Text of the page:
Munster points out that an Apple TV set is more than just a piece of hardware with fancy features--it requires a complex content component. Munster has outlined three content scenarios for Apple: a TiVo model (Apple makes the hardware and everything else comes from a delivery source), a set-top box (Apple accepts content from providers such as Hulu and Netflix), and paid-content provider model (Apple collects monthly fees for customized content).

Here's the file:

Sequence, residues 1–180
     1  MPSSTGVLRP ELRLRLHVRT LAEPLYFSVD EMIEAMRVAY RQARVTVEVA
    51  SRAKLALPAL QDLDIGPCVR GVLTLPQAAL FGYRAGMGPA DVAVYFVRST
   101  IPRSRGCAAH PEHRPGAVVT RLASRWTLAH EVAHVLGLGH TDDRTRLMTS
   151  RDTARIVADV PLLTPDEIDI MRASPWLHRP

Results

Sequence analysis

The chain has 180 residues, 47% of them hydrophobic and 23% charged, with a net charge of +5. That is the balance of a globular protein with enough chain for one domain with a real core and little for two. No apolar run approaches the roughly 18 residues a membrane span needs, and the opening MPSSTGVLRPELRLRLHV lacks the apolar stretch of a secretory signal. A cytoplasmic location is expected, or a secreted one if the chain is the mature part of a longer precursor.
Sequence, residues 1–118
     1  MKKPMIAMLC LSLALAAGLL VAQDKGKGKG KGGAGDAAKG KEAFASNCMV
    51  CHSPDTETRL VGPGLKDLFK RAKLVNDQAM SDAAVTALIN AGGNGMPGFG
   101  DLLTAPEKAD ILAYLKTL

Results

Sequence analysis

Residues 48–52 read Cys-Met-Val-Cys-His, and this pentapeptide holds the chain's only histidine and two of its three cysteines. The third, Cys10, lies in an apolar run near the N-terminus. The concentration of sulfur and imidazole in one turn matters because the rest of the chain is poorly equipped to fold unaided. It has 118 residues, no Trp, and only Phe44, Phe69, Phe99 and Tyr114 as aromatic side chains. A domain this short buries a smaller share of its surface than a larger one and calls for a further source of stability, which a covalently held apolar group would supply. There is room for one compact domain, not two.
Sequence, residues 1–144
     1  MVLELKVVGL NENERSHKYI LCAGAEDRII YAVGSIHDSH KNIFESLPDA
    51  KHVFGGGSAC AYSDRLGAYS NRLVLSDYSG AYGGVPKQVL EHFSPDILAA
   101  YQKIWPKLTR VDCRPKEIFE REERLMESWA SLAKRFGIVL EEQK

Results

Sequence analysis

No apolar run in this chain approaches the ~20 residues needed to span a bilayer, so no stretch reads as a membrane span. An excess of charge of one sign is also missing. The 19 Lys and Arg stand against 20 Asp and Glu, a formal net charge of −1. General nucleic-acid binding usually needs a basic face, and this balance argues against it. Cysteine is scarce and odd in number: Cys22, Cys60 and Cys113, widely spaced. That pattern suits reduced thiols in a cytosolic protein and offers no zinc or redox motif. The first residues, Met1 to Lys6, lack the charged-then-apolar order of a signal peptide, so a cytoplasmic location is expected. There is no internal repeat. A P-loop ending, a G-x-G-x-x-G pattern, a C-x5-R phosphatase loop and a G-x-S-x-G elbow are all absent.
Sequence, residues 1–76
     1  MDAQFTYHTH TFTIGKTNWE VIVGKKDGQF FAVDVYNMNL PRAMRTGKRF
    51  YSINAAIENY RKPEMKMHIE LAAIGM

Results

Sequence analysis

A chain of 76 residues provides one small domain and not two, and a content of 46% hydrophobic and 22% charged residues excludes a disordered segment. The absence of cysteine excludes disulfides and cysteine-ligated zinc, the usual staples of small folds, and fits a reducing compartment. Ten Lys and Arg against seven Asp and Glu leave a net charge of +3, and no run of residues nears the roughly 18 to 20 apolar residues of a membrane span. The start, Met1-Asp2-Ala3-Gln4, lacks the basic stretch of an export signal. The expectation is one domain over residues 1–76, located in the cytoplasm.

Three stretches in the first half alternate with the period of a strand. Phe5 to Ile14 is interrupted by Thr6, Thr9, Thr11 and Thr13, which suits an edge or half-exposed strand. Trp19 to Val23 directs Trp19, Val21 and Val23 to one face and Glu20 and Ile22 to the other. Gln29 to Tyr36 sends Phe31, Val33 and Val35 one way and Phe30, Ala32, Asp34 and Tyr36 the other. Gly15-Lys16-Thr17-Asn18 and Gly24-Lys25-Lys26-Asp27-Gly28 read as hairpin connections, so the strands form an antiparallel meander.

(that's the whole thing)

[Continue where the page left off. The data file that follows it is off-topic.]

On top of those kinds of considerations there are other little quirks, such as Apple's deal with Rovi. Rovi provides channel guide information to Apple, as well as others. Right now, Apple pays Rovi a flat licensing fee for its product but, Munster's colleague Michael Olson points out, an Apple TV could result in that scheme being altered in a way that's more costly to Apple.
All those factors make the Apple TV a complicated proposition, but they could also make it a breakthrough product.
"We believe that Apple only enters mature markets with the goal of revolutionizing them, as it did with the smartphone," Munster noted.